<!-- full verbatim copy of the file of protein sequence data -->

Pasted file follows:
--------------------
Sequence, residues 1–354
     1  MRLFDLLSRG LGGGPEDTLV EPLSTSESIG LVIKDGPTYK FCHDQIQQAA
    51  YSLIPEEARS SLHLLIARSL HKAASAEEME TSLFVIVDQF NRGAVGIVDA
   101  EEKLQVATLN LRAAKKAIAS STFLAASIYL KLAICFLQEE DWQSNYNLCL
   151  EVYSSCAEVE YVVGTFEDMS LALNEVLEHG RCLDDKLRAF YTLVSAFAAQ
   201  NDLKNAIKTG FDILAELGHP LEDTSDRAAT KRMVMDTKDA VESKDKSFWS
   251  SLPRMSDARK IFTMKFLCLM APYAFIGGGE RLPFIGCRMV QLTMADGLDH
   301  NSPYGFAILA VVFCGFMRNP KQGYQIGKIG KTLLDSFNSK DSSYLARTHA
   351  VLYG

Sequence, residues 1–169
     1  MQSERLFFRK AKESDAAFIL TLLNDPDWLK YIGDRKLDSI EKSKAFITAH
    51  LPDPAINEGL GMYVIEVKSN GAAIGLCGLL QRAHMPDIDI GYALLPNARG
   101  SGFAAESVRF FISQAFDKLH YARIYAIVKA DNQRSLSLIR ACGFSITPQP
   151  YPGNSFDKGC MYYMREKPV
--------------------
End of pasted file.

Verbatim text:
Sequence, residues 1–354
     1  MRLFDLLSRG LGGGPEDTLV EPLSTSESIG LVIKDGPTYK FCHDQIQQAA
    51  YSLIPEEARS SLHLLIARSL HKAASAEEME TSLFVIVDQF NRGAVGIVDA
   101  EEKLQVATLN LRAAKKAIAS STFLAASIYL KLAICFLQEE DWQSNYNLCL
   151  EVYSSCAEVE YVVGTFEDMS LALNEVLEHG RCLDDKLRAF YTLVSAFAAQ
   201  NDLKNAIKTG FDILAELGHP LEDTSDRAAT KRMVMDTKDA VESKDKSFWS
   251  SLPRMSDARK IFTMKFLCLM APYAFIGGGE RLPFIGCRMV QLTMADGLDH
   301  NSPYGFAILA VVFCGFMRNP KQGYQIGKIG KTLLDSFNSK DSSYLARTHA
   351  VLYG

Sequence, residues 1–169
     1  MQSERLFFRK AKESDAAFIL TLLNDPDWLK YIGDRKLDSI EKSKAFITAH
    51  LPDPAINEGL GMYVIEVKSN GAAIGLCGLL QRAHMPDIDI GYALLPNARG
   101  SGFAAESVRF FISQAFDKLH YARIYAIVKA DNQRSLSLIR ACGFSITPQP
   151  YPGNSFDKGC MYYMREKPV